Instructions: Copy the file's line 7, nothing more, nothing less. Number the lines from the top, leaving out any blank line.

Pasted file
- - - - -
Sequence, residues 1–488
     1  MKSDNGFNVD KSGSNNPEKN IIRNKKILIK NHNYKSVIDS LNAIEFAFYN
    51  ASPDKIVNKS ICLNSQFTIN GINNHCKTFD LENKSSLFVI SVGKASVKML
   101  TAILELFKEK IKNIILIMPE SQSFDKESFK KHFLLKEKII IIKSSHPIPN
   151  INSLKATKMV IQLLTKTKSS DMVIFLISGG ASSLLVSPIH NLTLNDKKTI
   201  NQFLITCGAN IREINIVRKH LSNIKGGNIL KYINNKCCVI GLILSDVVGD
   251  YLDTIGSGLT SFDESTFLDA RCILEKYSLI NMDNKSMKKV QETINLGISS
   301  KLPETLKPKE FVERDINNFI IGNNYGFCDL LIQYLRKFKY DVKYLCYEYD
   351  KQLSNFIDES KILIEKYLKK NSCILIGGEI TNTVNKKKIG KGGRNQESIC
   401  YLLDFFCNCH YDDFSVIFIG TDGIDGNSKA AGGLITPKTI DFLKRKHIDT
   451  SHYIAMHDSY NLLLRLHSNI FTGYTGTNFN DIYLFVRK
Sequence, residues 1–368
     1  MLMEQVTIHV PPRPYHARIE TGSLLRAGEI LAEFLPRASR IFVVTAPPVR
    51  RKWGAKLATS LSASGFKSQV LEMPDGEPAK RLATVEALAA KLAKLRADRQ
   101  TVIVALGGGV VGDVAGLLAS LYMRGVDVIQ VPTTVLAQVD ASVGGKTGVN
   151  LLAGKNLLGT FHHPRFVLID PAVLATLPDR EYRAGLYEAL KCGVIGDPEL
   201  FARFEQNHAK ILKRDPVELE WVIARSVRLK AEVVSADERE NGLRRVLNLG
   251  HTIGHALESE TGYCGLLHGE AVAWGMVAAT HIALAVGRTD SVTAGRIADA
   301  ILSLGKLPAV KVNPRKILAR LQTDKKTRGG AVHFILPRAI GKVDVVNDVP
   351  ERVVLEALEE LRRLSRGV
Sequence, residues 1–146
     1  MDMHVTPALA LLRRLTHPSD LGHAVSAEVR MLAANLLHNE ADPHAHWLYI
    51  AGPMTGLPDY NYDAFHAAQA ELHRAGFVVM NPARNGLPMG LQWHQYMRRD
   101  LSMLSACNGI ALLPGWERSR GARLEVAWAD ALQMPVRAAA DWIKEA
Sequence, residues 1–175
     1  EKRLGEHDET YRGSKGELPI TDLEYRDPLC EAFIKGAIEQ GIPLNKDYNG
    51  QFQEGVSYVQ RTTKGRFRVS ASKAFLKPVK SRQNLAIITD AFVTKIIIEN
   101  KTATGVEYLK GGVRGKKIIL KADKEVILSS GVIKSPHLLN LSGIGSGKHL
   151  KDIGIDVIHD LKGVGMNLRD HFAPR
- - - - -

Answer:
   251  YLDTIGSGLT SFDESTFLDA RCILEKYSLI NMDNKSMKKV QETINLGISS